Politically ‘conservative’ gay comedian Jimmy Edwards remembered: Film historian Anthony Slide discusses the subject of his latest book
Jimmy Edwards is a name that rings only a faint bell even in his native United Kingdom. Elsewhere, including other English-speaking countries, Edwards is all but forgotten.
Yet the Surrey-born (on March 23, 1920) comedian is worth remembering for – at the very least – a couple of unusual reasons: his popularity as an alcoholic schoolteacher who took great pleasure in using his ubiquitous cane on the butts of his young, male students in the long-running 1950s BBC TV series Whack-O!, and for the fact that the deeply closeted, politically “conservative” gay actor was publicly outed in the late 1970s.
Enter author and film historian Anthony Slide, who traces Jimmy Edwards’ professional and personal life in his latest book, Wake Up at the Back There! It’s Jimmy Edwards (BearManor, 2018). He has also kindly agreed to answer a few questions (via email) about the Whack-O! star. See further below.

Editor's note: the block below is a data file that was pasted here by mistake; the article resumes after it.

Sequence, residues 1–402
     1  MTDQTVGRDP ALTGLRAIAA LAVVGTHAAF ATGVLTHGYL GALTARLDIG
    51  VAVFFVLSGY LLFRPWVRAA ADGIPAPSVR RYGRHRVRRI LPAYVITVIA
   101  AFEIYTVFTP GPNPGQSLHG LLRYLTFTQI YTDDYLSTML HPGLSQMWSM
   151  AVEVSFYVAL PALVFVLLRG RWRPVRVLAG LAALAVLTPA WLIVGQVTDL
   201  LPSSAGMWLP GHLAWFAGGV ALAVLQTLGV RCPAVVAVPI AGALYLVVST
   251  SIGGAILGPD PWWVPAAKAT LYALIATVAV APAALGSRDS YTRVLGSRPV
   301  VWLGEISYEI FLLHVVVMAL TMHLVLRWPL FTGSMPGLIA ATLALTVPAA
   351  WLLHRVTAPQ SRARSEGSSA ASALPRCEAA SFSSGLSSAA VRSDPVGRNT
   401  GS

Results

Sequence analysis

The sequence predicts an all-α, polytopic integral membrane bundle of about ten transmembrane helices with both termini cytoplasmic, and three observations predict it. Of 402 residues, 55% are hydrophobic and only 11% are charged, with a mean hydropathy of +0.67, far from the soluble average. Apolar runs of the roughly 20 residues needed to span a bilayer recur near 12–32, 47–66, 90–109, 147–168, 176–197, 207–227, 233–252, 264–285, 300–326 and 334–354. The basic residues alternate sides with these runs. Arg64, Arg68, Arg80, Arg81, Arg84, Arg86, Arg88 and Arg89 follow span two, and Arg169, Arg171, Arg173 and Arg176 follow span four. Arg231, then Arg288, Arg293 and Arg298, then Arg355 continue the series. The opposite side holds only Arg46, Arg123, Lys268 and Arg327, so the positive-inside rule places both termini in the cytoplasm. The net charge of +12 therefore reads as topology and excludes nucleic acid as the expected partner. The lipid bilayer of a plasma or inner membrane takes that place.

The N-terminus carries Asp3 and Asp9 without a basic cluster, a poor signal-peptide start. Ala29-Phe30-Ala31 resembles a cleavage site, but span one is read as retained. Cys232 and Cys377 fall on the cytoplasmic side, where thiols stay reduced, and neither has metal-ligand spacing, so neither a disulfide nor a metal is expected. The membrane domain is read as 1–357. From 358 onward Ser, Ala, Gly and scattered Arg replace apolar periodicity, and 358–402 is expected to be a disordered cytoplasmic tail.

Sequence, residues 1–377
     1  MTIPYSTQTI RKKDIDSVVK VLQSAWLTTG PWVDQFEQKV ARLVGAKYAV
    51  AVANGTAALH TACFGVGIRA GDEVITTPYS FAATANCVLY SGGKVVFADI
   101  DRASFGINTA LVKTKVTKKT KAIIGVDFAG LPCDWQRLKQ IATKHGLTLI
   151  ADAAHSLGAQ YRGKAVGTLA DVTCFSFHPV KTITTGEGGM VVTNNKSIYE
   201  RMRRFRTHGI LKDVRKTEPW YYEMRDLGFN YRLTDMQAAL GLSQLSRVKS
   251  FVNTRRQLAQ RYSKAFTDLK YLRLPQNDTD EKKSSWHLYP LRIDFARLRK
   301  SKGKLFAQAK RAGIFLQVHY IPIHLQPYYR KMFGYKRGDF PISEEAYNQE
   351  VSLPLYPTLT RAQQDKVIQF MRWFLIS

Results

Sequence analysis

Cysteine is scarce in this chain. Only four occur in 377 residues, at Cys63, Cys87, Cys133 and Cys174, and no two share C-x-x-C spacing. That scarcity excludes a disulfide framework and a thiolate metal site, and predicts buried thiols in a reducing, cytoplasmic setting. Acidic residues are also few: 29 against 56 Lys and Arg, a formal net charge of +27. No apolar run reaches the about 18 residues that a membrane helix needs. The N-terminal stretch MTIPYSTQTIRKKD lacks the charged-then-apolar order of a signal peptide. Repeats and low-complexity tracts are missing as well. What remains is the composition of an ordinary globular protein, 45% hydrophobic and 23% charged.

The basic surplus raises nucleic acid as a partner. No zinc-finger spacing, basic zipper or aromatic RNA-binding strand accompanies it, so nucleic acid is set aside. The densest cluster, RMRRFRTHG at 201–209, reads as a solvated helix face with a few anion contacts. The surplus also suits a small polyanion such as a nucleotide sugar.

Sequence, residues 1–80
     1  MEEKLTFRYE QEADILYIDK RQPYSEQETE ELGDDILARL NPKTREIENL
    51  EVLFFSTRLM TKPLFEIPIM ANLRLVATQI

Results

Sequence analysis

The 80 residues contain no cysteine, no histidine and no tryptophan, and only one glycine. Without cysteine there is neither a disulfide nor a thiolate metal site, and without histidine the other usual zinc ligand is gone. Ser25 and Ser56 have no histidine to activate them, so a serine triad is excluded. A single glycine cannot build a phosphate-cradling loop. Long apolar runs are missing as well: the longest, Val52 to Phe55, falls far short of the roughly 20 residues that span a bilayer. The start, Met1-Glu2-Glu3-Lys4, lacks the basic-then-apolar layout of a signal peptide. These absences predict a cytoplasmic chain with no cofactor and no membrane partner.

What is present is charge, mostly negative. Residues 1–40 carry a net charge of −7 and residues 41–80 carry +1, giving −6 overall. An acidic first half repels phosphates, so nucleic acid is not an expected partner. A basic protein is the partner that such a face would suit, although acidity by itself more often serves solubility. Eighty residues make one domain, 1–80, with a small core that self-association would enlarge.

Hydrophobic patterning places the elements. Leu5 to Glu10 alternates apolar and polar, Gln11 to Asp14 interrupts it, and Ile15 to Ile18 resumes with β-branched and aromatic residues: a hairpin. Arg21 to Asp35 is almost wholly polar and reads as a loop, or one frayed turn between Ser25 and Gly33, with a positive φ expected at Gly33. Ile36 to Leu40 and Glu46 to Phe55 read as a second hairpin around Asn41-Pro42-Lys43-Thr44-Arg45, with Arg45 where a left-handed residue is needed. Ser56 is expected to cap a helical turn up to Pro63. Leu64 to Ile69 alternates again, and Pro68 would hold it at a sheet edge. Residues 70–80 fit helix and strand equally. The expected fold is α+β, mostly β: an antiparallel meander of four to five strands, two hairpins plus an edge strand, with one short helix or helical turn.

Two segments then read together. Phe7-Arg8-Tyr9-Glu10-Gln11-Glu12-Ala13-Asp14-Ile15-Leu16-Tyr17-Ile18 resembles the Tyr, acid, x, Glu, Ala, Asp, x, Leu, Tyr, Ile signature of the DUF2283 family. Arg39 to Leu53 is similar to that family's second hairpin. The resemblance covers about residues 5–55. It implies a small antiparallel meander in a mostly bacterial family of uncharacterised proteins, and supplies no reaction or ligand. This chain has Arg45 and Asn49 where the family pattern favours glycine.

And immediately below is a brief overview of Edwards’ life and career.
Jimmy Edwards’ show-biz highlights: ‘Take It from Here’ & ‘Whack-O!’
A St. John’s College, Cambridge, grad, and a Distinguished Flying Cross recipient for his Royal Air Force service during World War II, Jimmy Edwards began his show business career – on both the stage and the radio – shortly after the end of the war.
In the latter medium, the comedy Take It from Here (1948–1960), co-starring Australian-born comedian Dick Bentley, made Edwards a household name in the U.K.
But his biggest hit was the BBC television series Whack-O! (1956–1960), starring Edwards as a boozed-up, cane-wielding boys school headmaster and featuring Arthur Howard (brother of Pygmalion and Gone with the Wind actor Leslie Howard) as his sometime assistant.
Jimmy Edwards movies